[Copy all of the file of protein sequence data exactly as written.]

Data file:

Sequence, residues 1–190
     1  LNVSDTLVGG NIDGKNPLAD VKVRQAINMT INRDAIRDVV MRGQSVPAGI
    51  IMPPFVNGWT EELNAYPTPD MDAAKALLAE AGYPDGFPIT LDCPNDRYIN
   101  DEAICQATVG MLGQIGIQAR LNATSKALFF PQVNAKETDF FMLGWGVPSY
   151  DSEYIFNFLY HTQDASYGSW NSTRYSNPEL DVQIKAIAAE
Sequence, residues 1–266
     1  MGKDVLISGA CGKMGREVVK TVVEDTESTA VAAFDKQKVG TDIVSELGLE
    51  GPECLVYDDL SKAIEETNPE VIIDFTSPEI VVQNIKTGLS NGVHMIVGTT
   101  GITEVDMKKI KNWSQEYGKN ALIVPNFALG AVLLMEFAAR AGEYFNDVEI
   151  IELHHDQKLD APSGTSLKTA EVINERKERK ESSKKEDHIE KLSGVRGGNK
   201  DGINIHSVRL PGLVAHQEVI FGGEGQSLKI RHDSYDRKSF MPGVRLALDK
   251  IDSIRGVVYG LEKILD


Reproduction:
Sequence, residues 1–190
     1  LNVSDTLVGG NIDGKNPLAD VKVRQAINMT INRDAIRDVV MRGQSVPAGI
    51  IMPPFVNGWT EELNAYPTPD MDAAKALLAE AGYPDGFPIT LDCPNDRYIN
   101  DEAICQATVG MLGQIGIQAR LNATSKALFF PQVNAKETDF FMLGWGVPSY
   151  DSEYIFNFLY HTQDASYGSW NSTRYSNPEL DVQIKAIAAE
Sequence, residues 1–266
     1  MGKDVLISGA CGKMGREVVK TVVEDTESTA VAAFDKQKVG TDIVSELGLE
    51  GPECLVYDDL SKAIEETNPE VIIDFTSPEI VVQNIKTGLS NGVHMIVGTT
   101  GITEVDMKKI KNWSQEYGKN ALIVPNFALG AVLLMEFAAR AGEYFNDVEI
   151  IELHHDQKLD APSGTSLKTA EVINERKERK ESSKKEDHIE KLSGVRGGNK
   201  DGINIHSVRL PGLVAHQEVI FGGEGQSLKI RHDSYDRKSF MPGVRLALDK
   251  IDSIRGVVYG LEKILD